Thanks again, Mike, for the trade. As I mentioned in the email, when I get a little more time I want to try to find more stuff to send you. You have a nice selection of Andruw Jones cards that have caught my eye.

Tuesday, May 26, 2015

Copyright Line

I recently purchased a Baseball Cards magazine from December of 1987 for one of the three cards included in the publication but little did I know I would find inspiration from the rest of magazine's contents.

One feature, called 'New Stuff,' looked at changes to the 1987 Topps baseball stickers and how a number of collectors had noticed the "Made in Italy" legend was gone from the front and backs of the sticker packages, replaced by "Made in the U.S.A." The author then went on to say that "a Topps spokesman... would not even confirm that Panini had been printing Topps baseball stickers." That comment left me scrambling to my Dale Murphy binder to check the back of his Topps stickers. And there it was- as plain as the nose on my face: Made in Italy.


























To be honest, it was quite a humbling experience. After all these years I had never noticed those three small words. If the packs showed Made in the USA, then I don't know what happened, because it was clear that the 1987 stickers were Made in Italy. At least that's what the sticker backs show.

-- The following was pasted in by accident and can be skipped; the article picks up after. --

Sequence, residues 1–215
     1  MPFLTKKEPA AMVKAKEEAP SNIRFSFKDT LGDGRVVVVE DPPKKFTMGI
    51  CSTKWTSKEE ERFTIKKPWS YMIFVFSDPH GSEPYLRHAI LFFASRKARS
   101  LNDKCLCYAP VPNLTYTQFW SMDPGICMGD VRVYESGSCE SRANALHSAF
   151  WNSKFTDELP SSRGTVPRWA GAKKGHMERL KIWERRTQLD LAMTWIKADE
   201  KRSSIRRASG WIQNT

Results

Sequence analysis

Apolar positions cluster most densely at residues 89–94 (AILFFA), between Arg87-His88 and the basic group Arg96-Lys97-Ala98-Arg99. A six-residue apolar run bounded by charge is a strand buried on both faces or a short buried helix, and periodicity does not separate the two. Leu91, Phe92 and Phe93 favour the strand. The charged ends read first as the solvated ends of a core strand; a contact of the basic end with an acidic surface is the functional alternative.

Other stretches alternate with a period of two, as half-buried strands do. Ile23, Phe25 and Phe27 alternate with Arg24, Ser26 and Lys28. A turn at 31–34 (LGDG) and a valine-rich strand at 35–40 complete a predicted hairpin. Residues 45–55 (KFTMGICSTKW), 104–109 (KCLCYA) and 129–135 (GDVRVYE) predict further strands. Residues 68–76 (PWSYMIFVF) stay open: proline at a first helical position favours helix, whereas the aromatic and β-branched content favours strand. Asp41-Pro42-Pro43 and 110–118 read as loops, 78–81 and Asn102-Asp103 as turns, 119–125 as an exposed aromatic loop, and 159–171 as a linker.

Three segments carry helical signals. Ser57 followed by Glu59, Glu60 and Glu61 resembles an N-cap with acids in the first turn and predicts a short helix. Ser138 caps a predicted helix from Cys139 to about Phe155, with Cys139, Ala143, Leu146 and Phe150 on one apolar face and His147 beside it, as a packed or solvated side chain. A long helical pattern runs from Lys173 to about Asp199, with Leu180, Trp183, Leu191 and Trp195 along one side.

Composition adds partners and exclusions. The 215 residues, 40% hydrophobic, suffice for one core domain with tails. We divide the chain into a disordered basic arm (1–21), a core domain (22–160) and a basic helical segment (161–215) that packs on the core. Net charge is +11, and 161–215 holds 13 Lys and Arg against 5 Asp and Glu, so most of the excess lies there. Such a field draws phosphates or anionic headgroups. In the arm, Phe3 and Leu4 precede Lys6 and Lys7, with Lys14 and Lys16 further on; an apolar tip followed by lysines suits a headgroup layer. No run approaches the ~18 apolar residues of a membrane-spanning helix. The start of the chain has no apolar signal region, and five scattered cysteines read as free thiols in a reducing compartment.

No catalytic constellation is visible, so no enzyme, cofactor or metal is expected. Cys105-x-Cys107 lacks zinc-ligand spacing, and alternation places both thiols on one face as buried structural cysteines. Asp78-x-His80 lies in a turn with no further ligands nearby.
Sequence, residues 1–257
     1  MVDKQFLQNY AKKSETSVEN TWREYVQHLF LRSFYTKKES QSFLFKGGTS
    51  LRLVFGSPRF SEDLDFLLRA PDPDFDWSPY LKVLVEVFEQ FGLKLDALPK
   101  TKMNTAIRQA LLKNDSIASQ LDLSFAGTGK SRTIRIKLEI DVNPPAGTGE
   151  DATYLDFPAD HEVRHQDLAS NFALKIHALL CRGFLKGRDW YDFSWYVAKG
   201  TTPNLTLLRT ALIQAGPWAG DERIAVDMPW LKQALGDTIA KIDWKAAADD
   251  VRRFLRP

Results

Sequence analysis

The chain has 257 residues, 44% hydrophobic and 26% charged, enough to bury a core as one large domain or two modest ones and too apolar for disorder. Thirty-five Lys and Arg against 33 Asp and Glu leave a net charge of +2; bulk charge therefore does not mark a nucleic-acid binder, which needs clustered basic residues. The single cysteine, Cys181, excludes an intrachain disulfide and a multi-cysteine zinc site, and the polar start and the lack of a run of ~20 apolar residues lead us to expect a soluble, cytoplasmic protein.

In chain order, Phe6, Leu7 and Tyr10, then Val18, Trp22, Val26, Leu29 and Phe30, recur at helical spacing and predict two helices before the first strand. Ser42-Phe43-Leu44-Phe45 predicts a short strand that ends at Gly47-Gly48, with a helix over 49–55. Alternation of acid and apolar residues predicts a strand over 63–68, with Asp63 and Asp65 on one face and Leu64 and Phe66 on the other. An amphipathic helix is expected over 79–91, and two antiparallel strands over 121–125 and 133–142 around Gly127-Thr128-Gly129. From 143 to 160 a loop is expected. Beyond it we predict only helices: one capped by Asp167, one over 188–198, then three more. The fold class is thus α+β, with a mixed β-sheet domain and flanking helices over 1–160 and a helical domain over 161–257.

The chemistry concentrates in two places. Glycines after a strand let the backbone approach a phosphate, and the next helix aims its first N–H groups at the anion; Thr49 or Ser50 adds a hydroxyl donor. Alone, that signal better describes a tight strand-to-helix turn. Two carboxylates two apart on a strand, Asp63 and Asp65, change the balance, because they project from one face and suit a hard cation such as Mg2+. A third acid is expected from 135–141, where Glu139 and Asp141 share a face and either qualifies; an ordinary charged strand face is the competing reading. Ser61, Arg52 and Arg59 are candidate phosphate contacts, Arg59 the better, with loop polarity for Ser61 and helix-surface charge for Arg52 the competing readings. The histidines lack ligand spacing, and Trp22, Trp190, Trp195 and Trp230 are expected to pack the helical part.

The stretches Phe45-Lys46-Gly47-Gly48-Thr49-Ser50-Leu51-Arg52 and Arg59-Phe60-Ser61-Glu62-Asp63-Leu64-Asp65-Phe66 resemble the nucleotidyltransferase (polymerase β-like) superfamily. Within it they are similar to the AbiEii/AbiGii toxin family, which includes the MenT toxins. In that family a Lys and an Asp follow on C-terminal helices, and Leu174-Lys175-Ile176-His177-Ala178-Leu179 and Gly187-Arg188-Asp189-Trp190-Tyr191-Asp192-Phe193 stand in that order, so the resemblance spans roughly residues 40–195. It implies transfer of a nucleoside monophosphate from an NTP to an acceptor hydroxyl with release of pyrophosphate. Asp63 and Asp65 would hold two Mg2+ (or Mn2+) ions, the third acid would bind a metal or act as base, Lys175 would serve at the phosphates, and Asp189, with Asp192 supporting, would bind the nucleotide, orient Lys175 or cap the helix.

We didn't see this in 1981...





Nor 1982...







It did show up in 1983...














                                    
  

Nothing different in 1984...
















































Much larger than their previous years, 1985 was Made in Italy, too...








Things didn't change in 1986- larger stickers, still Made in Italy...










We already looked at the 1987 stickers, so moving onto the 1988 set, we see....



not only are the stickers from '88 on a thicker stock, but we also see it indicated that they were printed in the U.S.A.